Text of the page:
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FAQ

A Swift Code or BIC (Bank Identifier Code) is the international equivalent of a sort code. It is part of an international payment instruction which routes a payment through the international system, to the correct country and local bank.

SEPA payments are a fast and cheap method to send Euros, and were introduced by the EU to reduce the cost of cross-border transactions. Payments usually arrives within one or two working days, using a SEPA transfer from one country to another. SEPA payments are a fast and cheap method to send Euros, and were introducted by the EU to reduce the cost of cross-border transactions. Payments usually arrive within 1-2 working days.

IBAN stands for International Bank Account Number, and is the European standard for international payments. Replacing the need to include account numbers and branch codes when instructing international money transfers, an IBAN contains all this information, making payment instructions across Europe simpler and more consistent.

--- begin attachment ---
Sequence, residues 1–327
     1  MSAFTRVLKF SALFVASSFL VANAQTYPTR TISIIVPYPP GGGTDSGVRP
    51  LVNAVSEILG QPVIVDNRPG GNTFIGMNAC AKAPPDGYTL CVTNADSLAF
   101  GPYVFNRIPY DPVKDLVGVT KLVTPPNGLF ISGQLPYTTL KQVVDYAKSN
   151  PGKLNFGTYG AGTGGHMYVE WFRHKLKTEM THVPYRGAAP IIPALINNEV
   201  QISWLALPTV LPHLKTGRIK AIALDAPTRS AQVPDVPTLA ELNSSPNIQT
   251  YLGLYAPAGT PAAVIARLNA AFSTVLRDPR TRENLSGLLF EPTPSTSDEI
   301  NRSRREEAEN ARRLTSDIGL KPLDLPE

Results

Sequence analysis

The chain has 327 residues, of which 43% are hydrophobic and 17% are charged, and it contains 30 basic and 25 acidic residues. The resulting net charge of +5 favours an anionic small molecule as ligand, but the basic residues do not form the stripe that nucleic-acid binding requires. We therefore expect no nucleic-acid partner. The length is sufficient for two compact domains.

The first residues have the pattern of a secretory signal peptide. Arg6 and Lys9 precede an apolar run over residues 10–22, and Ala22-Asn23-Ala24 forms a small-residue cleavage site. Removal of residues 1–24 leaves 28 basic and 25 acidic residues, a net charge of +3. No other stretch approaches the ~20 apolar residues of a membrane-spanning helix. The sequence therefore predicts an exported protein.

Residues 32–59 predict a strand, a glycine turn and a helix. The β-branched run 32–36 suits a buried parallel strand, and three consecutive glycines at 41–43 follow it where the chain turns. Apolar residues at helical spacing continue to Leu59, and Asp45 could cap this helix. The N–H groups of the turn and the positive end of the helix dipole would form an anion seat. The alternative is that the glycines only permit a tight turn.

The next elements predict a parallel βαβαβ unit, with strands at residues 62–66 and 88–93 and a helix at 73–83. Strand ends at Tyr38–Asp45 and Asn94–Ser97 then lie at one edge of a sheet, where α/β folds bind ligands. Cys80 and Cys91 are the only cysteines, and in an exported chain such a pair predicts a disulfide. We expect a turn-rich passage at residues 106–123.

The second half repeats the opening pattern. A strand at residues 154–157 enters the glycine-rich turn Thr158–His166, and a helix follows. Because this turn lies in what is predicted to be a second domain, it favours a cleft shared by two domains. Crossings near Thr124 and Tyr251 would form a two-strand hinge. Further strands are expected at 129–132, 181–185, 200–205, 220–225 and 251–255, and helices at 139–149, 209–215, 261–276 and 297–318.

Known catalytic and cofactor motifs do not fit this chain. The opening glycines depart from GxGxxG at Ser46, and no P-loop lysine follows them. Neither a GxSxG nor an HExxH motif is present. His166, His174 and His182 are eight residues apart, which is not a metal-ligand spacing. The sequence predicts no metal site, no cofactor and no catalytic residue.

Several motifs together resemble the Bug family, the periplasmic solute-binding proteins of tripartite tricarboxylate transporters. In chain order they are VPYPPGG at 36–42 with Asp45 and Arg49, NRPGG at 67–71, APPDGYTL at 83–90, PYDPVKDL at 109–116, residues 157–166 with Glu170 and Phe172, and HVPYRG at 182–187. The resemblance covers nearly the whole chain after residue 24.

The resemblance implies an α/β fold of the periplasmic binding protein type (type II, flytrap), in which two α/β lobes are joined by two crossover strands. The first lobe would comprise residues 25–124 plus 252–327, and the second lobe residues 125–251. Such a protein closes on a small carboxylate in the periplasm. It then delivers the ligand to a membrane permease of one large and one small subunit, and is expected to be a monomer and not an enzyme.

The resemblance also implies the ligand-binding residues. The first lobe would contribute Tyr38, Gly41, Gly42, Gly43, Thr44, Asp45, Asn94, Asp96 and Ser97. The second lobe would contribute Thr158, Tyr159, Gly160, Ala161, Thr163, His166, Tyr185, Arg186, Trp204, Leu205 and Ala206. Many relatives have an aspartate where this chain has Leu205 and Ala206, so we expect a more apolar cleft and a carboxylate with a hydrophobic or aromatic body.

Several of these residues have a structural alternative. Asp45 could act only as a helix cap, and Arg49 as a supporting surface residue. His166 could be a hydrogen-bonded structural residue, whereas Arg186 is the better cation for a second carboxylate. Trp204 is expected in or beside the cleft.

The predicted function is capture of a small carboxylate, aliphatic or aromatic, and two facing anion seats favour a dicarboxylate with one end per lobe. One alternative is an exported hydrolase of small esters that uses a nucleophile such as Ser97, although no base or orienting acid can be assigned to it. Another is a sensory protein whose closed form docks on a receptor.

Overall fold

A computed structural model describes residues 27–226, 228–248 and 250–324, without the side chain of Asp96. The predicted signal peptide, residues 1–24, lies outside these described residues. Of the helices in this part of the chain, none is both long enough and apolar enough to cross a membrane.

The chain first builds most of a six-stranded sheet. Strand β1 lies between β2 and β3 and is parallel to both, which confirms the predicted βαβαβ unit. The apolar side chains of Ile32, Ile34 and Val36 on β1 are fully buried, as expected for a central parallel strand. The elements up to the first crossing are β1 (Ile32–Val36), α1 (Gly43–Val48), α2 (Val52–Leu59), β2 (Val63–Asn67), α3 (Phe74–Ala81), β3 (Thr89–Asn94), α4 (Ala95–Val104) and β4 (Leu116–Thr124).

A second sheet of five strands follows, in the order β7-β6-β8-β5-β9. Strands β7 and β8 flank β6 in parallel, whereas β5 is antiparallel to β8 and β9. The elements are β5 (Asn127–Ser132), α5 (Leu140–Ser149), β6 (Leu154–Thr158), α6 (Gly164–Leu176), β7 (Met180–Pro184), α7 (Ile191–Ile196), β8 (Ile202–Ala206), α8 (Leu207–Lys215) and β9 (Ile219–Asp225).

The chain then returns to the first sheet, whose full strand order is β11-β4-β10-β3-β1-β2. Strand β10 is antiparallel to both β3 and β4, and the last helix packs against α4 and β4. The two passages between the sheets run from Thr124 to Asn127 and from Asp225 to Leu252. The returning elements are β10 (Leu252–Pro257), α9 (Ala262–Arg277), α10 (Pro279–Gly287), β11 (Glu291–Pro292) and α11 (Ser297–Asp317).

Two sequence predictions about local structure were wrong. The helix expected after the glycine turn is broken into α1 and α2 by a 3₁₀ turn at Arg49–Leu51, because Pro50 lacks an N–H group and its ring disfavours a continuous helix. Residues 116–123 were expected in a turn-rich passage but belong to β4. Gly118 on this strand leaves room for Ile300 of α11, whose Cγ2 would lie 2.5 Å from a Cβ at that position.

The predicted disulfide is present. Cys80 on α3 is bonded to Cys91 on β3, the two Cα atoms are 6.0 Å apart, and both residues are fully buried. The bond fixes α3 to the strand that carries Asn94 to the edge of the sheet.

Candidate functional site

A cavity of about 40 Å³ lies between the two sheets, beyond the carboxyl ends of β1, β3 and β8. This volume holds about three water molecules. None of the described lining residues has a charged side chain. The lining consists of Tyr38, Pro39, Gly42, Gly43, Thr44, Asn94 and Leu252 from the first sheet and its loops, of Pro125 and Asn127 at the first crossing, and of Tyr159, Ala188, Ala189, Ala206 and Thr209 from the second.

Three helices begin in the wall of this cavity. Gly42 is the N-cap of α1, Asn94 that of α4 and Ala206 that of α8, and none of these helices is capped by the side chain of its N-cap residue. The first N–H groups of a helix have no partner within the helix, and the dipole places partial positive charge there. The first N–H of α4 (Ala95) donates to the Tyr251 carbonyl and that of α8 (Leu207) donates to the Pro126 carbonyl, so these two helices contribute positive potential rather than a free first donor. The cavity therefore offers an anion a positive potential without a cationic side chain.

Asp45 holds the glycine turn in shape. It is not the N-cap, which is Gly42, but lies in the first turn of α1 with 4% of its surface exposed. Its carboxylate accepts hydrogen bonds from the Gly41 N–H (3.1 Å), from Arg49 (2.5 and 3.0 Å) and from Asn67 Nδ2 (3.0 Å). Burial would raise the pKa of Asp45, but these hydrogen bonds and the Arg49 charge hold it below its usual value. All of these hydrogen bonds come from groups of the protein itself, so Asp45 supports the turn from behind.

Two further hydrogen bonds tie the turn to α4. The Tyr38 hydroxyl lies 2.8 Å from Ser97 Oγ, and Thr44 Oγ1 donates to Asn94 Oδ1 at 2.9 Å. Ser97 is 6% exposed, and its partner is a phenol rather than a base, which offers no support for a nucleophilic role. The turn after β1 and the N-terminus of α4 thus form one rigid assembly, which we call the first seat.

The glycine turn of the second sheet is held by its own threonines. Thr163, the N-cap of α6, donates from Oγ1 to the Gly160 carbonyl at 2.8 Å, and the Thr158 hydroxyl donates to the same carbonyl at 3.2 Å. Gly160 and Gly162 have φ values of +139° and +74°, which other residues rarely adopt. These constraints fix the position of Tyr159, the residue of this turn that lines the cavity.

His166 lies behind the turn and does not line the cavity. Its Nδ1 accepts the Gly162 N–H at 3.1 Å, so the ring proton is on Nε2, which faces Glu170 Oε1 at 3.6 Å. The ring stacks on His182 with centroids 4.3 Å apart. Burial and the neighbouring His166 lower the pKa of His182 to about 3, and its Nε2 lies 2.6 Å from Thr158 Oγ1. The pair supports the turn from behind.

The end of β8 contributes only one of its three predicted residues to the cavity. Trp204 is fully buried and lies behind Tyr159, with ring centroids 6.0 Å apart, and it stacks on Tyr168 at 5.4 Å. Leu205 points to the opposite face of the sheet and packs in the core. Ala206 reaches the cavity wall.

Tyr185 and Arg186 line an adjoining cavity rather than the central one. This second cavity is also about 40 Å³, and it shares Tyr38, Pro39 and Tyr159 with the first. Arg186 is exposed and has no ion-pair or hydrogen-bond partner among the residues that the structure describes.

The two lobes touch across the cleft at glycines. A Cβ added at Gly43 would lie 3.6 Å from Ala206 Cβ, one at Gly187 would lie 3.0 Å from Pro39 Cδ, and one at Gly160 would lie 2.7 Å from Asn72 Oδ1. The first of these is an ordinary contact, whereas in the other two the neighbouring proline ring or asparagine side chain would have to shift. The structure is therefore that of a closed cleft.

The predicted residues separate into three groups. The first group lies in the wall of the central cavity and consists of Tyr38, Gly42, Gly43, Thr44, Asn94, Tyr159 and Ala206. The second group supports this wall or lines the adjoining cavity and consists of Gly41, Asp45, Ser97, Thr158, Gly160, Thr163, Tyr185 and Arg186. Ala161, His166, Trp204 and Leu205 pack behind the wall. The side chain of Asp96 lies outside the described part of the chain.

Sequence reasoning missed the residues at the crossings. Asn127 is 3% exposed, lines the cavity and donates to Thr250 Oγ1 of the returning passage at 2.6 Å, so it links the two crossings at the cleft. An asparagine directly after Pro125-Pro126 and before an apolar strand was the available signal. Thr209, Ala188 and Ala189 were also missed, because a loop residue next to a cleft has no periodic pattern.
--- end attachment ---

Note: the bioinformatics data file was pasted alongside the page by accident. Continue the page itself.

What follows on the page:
The cheapest way to send money abroad will depend on how much you are sending, where to, and in which currency. International payment charges can be broken down into the following components: UK transfer charges, Exchange rate, and Overseas bank charges.

Achieving a competitive exchange rate is important if you are sending or receiving international payments. All too often, banks provide what they call commercial exchange rates for larger transfers (the same applies for individuals and businesses), but this commercial rate will not compare favourably to the rates offered by independent currency brokers.

Currency companies in the UK are primarily regulated by the Financial Services Authority (FSA), but there are currently 2 levels of regulation under the Payment Services Directive 2009. The 2 levels are called "Authorised Payments Institution" (API) and "Smaller Payments Institution" (SPI). The SPI level is for companies which trade up to €3m per month, above which point they must become APIs.